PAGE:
The housing crisis and soaring energy prices are a concern for the hotel and restaurant industries, and CEOs are already feeling the effects.
With home values decreasing and gasoline around $4 a gallon, Jonathan Tisch, chairman and CEO of Loews Hotels , is concerned that travel will become an afterthought.
“We’re starting to see the middle of the country get a little bit soft, the coasts are still holding up for us…but it’s problematic,” said Tisch. “It will definitely have an impact on travel and tourism, especially in this country.”
It’s not just leisure travel that’s being affected, according to Bill Marriott Jr., chairman and CEO of Marriott International .
“In the United States, business is really soft on the weekends and is now beginning to get soft by business travelers during the week,” says Marriott.
However, Barry Sternlicht, chairman and CEO of Starwood Capital , says companies with an international footprint will be boosted by the growing middle class in places like the Middle East, Russia and China.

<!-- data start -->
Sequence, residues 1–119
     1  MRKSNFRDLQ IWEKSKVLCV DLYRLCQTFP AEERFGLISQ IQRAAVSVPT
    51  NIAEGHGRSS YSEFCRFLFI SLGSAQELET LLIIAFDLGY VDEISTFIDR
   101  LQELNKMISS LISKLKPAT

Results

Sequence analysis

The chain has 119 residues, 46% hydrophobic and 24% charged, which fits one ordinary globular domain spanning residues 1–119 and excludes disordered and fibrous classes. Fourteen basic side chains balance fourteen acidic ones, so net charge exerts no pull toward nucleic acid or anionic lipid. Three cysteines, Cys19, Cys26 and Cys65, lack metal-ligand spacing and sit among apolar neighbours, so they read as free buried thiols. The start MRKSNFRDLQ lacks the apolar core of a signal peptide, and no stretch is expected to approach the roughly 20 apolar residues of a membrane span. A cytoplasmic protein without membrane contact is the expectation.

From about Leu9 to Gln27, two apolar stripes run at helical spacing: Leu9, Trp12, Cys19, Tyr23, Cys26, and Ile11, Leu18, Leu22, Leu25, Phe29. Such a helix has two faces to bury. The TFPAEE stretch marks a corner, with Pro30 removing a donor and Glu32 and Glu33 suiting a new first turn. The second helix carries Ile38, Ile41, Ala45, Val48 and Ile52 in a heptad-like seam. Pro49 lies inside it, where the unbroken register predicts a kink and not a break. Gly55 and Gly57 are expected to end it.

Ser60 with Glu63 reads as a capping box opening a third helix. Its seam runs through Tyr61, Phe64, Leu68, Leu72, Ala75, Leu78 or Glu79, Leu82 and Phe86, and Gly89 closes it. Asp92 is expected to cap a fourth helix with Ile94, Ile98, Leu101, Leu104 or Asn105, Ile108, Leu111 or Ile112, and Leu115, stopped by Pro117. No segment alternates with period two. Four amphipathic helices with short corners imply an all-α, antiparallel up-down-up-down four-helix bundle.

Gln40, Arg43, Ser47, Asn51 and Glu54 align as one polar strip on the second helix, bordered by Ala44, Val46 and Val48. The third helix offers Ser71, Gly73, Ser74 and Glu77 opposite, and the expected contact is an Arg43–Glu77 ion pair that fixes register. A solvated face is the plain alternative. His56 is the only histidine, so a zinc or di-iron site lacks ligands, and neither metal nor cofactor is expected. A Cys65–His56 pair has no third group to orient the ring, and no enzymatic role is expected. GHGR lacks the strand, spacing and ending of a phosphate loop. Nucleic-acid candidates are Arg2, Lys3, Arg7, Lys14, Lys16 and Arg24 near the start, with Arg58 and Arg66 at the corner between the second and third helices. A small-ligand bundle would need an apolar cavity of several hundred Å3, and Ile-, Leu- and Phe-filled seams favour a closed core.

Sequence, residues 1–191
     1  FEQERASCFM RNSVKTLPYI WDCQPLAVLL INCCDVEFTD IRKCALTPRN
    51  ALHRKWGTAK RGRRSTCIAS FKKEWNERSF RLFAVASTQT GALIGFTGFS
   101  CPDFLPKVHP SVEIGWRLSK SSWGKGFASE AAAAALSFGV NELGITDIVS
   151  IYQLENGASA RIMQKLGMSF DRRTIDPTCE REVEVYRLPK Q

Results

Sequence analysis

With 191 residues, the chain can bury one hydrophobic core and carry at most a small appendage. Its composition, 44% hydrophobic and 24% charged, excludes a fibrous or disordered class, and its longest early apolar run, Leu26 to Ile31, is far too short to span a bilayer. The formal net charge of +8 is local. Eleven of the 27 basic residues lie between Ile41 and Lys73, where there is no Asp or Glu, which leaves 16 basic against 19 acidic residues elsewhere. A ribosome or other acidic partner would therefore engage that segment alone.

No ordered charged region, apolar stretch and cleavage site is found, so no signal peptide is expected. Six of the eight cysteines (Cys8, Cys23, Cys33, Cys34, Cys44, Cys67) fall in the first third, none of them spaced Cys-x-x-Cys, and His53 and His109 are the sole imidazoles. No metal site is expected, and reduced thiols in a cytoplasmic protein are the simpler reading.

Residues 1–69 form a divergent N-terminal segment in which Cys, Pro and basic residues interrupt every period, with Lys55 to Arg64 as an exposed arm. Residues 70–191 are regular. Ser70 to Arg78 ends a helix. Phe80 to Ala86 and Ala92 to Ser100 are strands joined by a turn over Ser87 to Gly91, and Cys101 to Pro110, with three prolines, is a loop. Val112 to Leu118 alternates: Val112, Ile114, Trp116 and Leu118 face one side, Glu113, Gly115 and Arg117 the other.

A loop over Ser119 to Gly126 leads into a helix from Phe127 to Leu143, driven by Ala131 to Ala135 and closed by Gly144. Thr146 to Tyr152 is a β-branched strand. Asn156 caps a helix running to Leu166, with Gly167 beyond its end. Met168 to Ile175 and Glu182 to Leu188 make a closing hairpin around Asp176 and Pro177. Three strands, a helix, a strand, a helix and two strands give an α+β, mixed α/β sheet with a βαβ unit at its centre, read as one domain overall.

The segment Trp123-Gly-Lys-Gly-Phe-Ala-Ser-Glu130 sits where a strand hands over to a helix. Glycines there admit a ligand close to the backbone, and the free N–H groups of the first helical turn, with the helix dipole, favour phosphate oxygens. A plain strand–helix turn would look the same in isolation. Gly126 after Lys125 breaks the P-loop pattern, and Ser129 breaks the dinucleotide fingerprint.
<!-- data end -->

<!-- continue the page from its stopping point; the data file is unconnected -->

“The growth of travel is inevitable, and with a couple billion new consumers entering the market, there’s going to be a middle class that’s going to travel from these countries,” according Sternlicht.
In the restaurant sector, Julia Stewart, chairman and CEO of DineEquity (formerly IHOP), says a value message is the key to beating economic woes.
“The economy definitely has impacted the restaurant industry business as a whole, and market share is tough for all of us,” says Stewart, “but I think our message at both Applebee's and IHOP is value this summer, and I think that’s the focus, and we’re fortunate enough in both brands to have a real value message.”